This past week, Secretary of State Mike Pompeo unveiled the report of the State Department’s Commission on Unalienable Rights. The report, written by a panel of academics convened by Pompeo, supposedly strengthens the State Department’s “efforts to protect and promote human rights” around the world by clarifying the “founding principles” of the United States.

This justification is a pretext. While pretending to strengthen protection for human rights abroad, the Commission’s report gives ammunition to partisans who aim to weaken core constitutional protections within the United States.

Pompeo and the Commission’s report embrace an “originalist” vision of America’s founding. Originalism is a doctrine in constitutional law that holds judges should identify and apply the “original meaning” or “original intent” of a provision when resolving constitutional disputes. While there are liberal originalists, prominent conservatives nurtured and championed the theory, positioning it as a neutral methodology to limit judicial overreach. In debates over constitutional meaning, originalism privileges the founders over modern citizens and their contemporary values.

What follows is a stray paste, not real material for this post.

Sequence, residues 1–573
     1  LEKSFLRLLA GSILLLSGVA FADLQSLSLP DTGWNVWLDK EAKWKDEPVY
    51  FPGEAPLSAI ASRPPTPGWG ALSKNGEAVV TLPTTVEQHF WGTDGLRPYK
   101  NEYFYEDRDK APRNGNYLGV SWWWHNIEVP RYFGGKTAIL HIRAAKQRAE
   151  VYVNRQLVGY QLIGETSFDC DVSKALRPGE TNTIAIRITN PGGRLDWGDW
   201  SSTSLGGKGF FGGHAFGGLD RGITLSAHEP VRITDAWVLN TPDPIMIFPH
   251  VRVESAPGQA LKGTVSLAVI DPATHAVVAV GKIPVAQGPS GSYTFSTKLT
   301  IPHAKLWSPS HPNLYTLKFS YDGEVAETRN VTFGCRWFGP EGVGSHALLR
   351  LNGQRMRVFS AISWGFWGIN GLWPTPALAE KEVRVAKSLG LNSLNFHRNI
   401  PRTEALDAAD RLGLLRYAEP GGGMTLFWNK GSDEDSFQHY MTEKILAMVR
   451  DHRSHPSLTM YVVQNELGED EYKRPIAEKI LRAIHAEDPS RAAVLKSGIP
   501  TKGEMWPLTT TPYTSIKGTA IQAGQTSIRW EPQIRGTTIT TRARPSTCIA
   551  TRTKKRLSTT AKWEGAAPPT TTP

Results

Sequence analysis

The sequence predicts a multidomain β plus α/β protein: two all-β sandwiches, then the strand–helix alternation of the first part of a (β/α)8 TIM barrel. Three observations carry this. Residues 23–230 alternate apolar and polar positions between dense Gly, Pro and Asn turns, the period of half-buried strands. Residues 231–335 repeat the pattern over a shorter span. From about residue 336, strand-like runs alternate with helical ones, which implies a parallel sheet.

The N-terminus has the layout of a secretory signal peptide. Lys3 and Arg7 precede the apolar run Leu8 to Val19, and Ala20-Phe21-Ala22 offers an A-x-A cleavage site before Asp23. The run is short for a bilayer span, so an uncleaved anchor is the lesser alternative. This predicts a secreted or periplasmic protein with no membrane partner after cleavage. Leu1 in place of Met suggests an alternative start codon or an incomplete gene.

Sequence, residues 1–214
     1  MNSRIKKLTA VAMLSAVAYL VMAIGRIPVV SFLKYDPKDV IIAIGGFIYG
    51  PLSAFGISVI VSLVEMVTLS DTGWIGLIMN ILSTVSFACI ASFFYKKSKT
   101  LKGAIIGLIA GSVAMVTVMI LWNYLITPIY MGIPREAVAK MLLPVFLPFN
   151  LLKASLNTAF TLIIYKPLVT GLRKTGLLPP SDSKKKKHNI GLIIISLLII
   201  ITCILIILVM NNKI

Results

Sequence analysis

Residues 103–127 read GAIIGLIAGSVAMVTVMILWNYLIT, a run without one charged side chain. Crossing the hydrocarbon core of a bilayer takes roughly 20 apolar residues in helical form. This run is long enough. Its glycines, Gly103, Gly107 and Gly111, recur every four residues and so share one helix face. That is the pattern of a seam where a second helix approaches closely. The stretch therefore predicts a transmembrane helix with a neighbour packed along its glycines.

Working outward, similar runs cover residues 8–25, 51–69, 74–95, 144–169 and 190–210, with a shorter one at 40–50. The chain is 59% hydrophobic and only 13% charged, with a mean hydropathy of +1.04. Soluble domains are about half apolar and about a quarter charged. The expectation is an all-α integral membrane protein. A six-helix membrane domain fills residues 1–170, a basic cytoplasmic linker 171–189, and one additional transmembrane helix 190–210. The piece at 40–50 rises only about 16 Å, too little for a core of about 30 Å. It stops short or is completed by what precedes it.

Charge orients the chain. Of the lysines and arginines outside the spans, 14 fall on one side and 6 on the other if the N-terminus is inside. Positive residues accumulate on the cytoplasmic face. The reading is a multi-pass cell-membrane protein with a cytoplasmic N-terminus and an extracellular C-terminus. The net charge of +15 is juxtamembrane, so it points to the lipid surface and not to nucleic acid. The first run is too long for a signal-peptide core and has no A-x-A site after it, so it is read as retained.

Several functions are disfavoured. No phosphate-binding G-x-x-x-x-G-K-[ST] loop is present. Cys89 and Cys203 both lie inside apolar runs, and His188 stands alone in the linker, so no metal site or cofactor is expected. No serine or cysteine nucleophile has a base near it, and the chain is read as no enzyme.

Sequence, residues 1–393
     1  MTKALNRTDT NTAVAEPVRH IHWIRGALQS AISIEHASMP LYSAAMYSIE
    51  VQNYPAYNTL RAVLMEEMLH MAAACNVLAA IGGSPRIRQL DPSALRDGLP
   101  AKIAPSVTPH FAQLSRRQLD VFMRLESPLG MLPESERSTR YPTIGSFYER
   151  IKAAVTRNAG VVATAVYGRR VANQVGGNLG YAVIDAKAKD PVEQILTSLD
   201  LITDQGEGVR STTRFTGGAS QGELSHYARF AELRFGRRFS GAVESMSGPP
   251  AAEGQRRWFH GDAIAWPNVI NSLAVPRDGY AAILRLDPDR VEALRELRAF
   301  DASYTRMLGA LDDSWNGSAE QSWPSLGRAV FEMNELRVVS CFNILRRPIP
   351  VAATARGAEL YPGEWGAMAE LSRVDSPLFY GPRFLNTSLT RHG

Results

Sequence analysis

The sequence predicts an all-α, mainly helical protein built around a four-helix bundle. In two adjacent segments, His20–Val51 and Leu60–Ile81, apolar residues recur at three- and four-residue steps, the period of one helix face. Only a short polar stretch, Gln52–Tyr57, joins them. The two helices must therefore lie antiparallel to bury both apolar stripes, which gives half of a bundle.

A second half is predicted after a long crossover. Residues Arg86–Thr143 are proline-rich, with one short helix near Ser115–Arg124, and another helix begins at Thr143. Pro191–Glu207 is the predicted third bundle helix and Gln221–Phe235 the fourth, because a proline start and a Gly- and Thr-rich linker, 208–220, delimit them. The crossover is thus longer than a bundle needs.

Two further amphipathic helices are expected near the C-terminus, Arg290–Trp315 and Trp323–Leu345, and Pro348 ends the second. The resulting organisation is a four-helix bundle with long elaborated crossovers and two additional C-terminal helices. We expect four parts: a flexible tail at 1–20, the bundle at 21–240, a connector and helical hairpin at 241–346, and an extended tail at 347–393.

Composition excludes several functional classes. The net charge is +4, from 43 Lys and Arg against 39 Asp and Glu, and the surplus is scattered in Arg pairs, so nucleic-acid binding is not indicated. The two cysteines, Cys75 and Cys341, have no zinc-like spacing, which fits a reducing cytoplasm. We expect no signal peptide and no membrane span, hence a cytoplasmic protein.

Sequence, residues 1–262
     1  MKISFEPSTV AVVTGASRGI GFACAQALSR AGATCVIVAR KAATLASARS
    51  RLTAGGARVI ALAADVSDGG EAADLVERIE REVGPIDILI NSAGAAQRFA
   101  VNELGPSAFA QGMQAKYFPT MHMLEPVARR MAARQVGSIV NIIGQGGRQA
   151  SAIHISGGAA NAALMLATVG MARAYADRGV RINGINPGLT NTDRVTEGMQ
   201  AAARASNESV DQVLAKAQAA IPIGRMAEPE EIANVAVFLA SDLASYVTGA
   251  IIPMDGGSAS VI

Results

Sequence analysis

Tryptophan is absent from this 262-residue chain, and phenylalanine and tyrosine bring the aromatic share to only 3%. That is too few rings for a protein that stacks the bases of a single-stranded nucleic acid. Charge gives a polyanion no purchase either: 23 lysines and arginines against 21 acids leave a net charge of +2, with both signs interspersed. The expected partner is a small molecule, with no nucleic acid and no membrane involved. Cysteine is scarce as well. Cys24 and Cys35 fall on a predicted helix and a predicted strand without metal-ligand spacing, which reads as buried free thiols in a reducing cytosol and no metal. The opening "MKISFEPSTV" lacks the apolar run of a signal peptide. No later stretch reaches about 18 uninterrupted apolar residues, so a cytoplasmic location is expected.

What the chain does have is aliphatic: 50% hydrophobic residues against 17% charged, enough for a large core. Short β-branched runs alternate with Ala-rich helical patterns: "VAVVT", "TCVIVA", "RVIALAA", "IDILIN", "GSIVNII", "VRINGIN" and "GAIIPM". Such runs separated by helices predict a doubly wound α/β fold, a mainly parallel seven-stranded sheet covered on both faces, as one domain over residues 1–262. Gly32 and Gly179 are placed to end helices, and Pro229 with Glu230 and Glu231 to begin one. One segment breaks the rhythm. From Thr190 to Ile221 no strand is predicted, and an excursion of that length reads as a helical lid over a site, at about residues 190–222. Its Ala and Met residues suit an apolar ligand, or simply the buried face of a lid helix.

Before Pompeo’s report, no diplomat had thought to apply “originalism” to framing principles for U.S. foreign policy. But Pompeo, a Harvard-trained lawyer, has brought them together under the banner of the Commission.

He said the Commission was necessary because the United States “can’t confront Beijing or other gross human rights violators throughout the world without understanding the roots of our foreign policy, though the lens of our founders’ intent.” The report references the “founders” 15 times, arguing for a foreign policy centered on “the point of view of the founders.” It declares that the founders believed the “foremost” unalienable rights were those to private property and religious liberty.

This language is textbook originalism. It assumes the founders — a fractious group — had a shared “point of view.” It suggests modern observers are capable of identifying this shared “point of view.” It situates the “founders’ intent” as the lodestar in resolving modern challenges.